Scripture Reading: Joel 1:1-14, Isaiah 17:10-11, Acts 2:17-21
Have you ever done something that was honestly deplorable, something you felt desperate to take back as soon as it was done? Even the memory of it can grind you down and make your fingers ache with regret. Shakespeare calls this “an expense of spirit in a waste of shame.”
The Minor Prophets show us the result of expending our energy to pursue sin: a locust-eaten wasteland of emptiness and shame. Joel’s assessment of sin is bleak: “Indeed, human joy has dried up” (Joel 1:12). It’s a prophecy similar to that of the other prophets. In a nutshell, he’s saying: “you have forgotten the God of your salvation”—repent and return (Isaiah 17:10).
But instead of just handing it to us in a nutshell, God shows us in sobering terms the plagues, wrath, and judgment that come from our sin. It is utterly devastating. When I read these words I know deep in my bones I can’t shoulder the weight of such miserable punishment. I can’t take my sins back.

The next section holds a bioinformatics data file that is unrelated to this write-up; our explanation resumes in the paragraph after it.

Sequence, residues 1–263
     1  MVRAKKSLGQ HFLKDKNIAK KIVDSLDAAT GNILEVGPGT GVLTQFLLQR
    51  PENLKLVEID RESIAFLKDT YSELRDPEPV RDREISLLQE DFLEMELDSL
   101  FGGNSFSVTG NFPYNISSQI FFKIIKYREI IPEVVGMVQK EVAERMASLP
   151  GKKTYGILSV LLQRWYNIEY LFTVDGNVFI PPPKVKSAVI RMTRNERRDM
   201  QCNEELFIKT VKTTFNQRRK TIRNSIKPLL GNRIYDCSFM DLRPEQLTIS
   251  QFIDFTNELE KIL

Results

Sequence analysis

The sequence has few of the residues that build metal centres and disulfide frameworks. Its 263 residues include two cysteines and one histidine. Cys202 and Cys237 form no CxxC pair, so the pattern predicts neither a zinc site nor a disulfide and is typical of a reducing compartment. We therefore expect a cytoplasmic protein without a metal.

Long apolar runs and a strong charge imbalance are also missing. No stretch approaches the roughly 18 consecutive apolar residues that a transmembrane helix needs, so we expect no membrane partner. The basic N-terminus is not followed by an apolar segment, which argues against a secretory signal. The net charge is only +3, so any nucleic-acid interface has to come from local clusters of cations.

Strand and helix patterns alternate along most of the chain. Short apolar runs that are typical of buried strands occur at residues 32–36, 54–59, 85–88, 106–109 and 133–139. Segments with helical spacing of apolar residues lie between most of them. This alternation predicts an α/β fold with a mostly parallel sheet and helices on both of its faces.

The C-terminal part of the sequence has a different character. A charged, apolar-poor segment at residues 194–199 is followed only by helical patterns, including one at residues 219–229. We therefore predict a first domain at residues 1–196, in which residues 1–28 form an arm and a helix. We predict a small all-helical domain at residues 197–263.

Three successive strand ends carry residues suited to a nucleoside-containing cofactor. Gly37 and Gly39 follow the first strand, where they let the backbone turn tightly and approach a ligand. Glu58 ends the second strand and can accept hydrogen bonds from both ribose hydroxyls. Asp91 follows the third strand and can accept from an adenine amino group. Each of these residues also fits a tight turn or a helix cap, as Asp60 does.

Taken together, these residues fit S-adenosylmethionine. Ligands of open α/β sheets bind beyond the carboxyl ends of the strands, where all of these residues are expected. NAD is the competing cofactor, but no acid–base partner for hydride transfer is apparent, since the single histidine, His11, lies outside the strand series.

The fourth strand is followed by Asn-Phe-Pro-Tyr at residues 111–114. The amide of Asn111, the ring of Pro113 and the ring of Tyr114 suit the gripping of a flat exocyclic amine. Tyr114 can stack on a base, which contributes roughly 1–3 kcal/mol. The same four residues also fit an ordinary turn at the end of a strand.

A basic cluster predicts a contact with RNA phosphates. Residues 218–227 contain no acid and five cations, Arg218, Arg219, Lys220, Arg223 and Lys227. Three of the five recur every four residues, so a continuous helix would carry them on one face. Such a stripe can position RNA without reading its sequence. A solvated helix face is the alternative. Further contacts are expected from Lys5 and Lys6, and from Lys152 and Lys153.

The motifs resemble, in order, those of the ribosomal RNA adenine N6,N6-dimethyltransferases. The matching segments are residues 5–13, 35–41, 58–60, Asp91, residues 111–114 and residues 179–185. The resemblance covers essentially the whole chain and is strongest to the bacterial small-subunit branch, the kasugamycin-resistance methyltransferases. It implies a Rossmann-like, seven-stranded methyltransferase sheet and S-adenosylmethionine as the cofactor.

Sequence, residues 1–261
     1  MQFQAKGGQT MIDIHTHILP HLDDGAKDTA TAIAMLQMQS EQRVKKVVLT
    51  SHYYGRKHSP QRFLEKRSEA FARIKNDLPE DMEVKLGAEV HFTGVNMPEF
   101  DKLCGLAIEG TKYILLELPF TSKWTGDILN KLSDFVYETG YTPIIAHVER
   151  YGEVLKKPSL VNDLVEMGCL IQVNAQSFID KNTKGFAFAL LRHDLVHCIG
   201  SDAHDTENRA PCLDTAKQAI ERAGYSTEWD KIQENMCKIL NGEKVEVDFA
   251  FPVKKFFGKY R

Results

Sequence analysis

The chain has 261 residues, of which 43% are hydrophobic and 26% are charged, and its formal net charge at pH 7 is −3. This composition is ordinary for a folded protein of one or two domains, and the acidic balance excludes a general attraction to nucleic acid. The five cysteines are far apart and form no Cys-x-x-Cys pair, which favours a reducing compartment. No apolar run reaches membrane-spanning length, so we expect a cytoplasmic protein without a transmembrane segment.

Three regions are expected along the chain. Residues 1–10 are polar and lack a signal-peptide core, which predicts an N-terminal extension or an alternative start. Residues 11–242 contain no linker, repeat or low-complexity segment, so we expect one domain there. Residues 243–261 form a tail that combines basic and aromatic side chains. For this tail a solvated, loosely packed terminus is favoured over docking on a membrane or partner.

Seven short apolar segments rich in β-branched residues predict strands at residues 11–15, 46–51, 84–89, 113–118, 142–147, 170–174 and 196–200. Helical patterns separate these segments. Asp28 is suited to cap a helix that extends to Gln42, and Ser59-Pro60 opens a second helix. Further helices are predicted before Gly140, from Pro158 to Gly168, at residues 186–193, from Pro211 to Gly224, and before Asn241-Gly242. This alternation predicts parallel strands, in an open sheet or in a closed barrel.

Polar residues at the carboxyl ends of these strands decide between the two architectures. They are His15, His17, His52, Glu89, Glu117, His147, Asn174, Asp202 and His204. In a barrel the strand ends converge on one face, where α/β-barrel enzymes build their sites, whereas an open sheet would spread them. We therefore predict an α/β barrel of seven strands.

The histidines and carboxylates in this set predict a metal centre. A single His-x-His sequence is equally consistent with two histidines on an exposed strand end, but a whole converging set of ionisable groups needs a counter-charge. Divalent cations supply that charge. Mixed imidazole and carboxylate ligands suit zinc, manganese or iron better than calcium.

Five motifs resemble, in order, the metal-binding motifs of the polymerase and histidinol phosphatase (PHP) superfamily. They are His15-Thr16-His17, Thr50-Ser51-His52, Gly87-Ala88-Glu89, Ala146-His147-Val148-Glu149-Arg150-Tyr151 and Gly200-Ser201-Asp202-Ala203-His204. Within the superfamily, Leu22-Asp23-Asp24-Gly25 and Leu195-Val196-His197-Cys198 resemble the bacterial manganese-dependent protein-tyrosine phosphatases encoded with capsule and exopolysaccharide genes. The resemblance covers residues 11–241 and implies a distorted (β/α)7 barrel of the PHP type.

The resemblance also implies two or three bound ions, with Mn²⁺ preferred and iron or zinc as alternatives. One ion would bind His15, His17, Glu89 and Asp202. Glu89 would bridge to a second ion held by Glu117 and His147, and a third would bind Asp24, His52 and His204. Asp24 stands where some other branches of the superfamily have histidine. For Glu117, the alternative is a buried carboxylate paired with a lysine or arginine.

Igor Stravinksy devastatingly said, “Sins cannot be undone, only forgiven.” He’s right. We can’t unsay and undo the shameful things we’ve done. But the minor prophets give us real hope. The judgment for our sins is massive, but that is precisely the judgment Jesus paid on our behalf.
God the Father levies judgment against us because of our sin, and then takes that punishment on His own shoulders in the person of Christ. The tsunami of judgment that reared up and threatened to obliterate us splashes harmlessly back into the ocean because of Christ Jesus.
When we read prophecy, it’s important to ask ourselves, What did it mean to them then? and What does it mean for us now? Joel was preaching a specific message to Israel in the midst of a locust crisis, and he is also preaching to us in the midst of our own crises, today. But in this case, his message is really the same: repent and return to your first love.
Then and now, God is in a relationship with His people, censuring our sins with judgment, calling us to repentance, and extending His forgiveness. He is actively doing it all, all the time. We can respond by crying out to Him with deep thankfulness.
Lord, we cry out to you. Forgive us, and teach us to forgive.